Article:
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Horizon inquiry chief threatens Post Office with ‘criminal sanctions’ over disclosure failures

The judge in charge of the Post Office Horizon scandal public inquiry has threated “criminal sanctions” against the Post Office if it continues with ongoing “significant failures” in disclosing evidence.

Sir Wyn Williams said today that all future inquiry requests for evidence to the Post Office will carry a notice under Section 21 of the Inquiries Act 2005, which he said “carries a threat of a criminal sanction” including a sentence of up to 51 weeks’ imprisonment. 

The move follows a series of disclosure failures by the Post Office during the course of the public inquiry – while Williams also noted that the organisation’s failures to disclose critical information has been a factor throughout the history of what has become the most widespread miscarriage of justice in UK legal history.

Williams was forced to act after further delays in providing documents by the Post Office to the inquiry led to an adjournment of proceedings and a rescheduling of hearings planned for this month. The Post Office has taken 18 months to provide documents in some cases, the inquiry was told.

On 4 July, Williams grilled the senior in-house lawyer at the Post Office, general counsel Ben Foat, over continued delays and problems in providing the inquiry with requested documents.

Only two days later, Williams was forced to postpone a hearing with a critical witness – Gareth Jenkins, former chief architect at Horizon supplier Fujitsu – after “significant” evidence included in thousands of documents was disclosed just hours before Jenkins was set to be questioned by inquiry lawyers for the first time.

Inquiry barrister Jason Beer KC revealed that 95 documents relating to Jenkins’ evidence had only that week been received from the Post Office. Furthermore, Beer said that at 10:32pm on 5 July, Post Office notified the inquiry that one of those documents was “likely to be of significant interest” to Jenkins’ evidence – allowing no time for lawyers to analyse them. The Post Office also disclosed that it had identified a further 4,767 documents, not previously disclosed to the inquiry, that may be relevant to the evidence from Jenkins.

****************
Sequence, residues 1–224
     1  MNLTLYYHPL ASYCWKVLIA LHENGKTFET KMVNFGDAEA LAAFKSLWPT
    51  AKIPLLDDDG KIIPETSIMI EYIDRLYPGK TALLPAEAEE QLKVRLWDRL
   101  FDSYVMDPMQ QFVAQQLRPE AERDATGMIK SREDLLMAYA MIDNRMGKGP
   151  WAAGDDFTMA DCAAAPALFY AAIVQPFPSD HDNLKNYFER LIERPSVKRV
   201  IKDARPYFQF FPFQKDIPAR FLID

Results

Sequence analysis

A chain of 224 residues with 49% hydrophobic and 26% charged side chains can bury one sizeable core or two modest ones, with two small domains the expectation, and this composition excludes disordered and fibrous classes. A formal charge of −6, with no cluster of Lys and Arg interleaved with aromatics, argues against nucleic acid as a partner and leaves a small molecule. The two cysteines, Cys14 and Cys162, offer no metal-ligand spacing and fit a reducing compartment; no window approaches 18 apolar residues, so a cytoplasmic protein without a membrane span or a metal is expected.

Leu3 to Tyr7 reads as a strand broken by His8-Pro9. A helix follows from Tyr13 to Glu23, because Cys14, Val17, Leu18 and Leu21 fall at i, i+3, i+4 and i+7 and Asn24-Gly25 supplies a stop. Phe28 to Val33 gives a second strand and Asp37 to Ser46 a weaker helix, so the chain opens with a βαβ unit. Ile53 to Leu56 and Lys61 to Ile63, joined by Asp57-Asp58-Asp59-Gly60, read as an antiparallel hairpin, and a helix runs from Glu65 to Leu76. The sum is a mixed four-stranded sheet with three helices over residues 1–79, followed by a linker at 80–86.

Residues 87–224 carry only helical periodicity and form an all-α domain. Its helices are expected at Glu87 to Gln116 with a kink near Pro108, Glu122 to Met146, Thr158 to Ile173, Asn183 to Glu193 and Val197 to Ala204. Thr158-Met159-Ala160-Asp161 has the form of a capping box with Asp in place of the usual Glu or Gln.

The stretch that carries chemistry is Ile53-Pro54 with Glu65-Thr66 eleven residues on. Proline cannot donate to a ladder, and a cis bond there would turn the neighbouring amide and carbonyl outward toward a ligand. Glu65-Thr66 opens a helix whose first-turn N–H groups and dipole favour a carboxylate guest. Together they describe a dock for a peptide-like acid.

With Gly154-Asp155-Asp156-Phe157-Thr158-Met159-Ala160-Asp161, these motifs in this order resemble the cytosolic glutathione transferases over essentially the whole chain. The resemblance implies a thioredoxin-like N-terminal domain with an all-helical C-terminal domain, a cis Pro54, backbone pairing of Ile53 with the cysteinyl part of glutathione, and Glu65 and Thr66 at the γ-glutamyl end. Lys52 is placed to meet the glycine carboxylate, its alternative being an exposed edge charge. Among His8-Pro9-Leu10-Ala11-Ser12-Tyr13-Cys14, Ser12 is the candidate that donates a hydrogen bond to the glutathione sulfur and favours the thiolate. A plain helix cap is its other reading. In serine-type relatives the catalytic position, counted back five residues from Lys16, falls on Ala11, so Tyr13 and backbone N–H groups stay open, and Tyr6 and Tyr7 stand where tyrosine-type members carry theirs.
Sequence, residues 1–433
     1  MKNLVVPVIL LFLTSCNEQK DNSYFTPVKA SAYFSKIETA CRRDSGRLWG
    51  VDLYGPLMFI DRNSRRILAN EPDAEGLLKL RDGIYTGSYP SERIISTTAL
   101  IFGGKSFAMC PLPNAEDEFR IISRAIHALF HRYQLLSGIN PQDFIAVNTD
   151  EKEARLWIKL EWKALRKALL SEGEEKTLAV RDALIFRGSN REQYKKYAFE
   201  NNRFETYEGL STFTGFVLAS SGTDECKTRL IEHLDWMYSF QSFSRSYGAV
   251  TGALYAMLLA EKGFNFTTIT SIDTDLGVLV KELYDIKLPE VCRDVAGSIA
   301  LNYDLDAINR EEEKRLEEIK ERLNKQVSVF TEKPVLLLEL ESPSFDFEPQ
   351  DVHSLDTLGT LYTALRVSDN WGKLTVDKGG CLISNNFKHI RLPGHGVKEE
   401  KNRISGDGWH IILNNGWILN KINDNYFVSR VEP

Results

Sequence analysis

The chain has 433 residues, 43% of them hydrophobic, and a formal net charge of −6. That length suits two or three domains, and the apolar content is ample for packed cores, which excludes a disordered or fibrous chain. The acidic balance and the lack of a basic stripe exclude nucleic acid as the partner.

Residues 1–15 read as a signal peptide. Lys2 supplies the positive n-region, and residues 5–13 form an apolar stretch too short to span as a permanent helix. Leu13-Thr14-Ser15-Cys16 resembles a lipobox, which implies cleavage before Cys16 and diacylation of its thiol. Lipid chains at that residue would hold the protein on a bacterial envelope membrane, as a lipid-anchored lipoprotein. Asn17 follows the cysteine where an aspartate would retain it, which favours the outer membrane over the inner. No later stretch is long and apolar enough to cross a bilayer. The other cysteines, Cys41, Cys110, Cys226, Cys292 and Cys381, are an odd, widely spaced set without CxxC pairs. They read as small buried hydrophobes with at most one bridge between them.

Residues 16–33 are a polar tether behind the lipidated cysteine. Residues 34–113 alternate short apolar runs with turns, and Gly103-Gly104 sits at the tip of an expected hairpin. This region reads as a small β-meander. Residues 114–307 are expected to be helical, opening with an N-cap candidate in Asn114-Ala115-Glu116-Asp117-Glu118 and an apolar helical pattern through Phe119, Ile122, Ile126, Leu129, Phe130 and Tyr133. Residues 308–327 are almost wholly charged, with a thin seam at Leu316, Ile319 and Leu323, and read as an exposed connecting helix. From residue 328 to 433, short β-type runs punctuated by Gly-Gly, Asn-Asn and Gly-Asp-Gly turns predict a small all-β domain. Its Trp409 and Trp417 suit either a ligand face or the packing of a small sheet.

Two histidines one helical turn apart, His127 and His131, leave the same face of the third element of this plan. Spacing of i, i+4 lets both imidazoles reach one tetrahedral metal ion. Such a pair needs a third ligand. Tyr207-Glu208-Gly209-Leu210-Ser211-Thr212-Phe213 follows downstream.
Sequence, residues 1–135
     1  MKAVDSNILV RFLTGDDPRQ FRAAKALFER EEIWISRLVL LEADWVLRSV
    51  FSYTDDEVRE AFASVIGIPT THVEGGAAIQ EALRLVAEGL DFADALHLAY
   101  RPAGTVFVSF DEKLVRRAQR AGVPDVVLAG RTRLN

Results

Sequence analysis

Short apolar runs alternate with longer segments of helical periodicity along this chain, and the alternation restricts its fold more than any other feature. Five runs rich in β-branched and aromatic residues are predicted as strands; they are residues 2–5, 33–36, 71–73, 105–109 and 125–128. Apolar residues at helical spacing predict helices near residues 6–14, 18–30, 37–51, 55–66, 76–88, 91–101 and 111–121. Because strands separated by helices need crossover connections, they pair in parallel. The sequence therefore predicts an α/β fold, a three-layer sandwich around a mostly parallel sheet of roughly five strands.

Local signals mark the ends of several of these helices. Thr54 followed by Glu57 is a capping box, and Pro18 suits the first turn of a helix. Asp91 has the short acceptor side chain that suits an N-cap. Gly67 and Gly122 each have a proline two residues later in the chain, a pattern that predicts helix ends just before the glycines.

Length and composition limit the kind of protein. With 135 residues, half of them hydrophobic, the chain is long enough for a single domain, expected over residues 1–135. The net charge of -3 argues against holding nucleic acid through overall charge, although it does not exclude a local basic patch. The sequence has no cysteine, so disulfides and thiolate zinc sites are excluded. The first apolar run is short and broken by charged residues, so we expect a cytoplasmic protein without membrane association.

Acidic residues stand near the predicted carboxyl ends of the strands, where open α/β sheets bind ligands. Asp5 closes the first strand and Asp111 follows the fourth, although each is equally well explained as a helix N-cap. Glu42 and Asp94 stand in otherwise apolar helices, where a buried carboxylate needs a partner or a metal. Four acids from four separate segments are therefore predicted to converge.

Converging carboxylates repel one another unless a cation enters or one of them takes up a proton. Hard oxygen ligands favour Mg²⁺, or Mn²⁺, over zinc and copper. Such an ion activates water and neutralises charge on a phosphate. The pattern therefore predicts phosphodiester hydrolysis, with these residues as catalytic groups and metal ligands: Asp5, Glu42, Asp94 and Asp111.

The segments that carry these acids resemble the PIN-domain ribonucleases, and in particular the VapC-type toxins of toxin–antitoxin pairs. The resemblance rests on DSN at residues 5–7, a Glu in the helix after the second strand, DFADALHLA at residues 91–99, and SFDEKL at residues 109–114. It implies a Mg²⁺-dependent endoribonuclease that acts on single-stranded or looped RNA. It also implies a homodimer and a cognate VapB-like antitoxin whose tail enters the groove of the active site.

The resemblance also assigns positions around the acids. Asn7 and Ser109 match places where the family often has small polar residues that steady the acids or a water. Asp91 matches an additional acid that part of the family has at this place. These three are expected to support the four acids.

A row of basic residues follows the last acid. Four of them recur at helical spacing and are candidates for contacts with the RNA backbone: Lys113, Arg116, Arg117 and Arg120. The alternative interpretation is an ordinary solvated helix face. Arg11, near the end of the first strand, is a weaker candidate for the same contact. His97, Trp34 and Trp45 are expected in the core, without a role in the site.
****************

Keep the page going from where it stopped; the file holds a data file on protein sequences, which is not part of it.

“It is of course grossly unsatisfactory, to be told at 10.32pm that there are 4,767 documents that are at least potentially relevant to a witness who is being called 11 hours and 28 minutes later,” said Beer. Jenkins will now give evidence after the summer break.

The following week, on 11 July, Williams announced that phase four of the statutory inquiry would be adjourned, after the Post Office once more told the inquiry that it would not be possible to provide further documents in time for hearings over the following weeks.

Williams said he is determined to be open minded and at this stage it is not possible to offer definitive views about how the process of disclosure had been managed, but added: “It would be remiss of me to fail to guard against the possibility that there are those who are engaged in the process of disclosure of documents on behalf of the Post Office who are unwilling or unable to comply strictly with requests for disclosure of documents made of them by the inquiry.”

Williams has now called Foat to appear before the inquiry again on 5 September to give further evidence, along with “senior persons who are directly and substantially involved in the disclosure for Phase 4 of the inquiry”.

The inquiry chief said that all future requests for documents or information made to the Post Office will be made pursuant to a Section 21 notice, adding: “For the reasons I have already given, this carries a threat of a criminal sanction.”

He will also now hold regular hearings to discuss disclosure throughout the remainder of the inquiry. He said the hearings have become necessary because of the “significant failures in disclosure on the part of the Post Office”.

Before adjourning the inquiry, Williams asked the subpostmaster victims of the scandal for their views on further delaying the process. He observed that “there was no attempt to disguise the view held by many that the Post Office disclosure failings are deliberate”.

He added: “It does not surprise me that this is the attitude of many former subpostmasters. After all, a failure to disclose crucial information about Horizon was a central finding leading to the quashing of [their] criminal convictions in the Court of Appeal.”

In 2009, a Computer Weekly investigation first revealed that subpostmasters were being blamed for unexplained accounting shortfalls, which they believed to be caused by software errors.

A total of 736 subpostmasters were prosecuted by the Post Office for theft and fraud between 2000 and 2015, based on evidence from the Horizon software they use in branches.

But when 555 subpostmasters successfully sued the Post Office in the High Court for wrongfully blaming and punishing them for unexplained shortages – leading to prison sentences and bankruptcy for some – the fact that the Horizon system was error-prone was proved. Since then, 86 subpostmasters so far have had criminal convictions overturned and many more are expected. 


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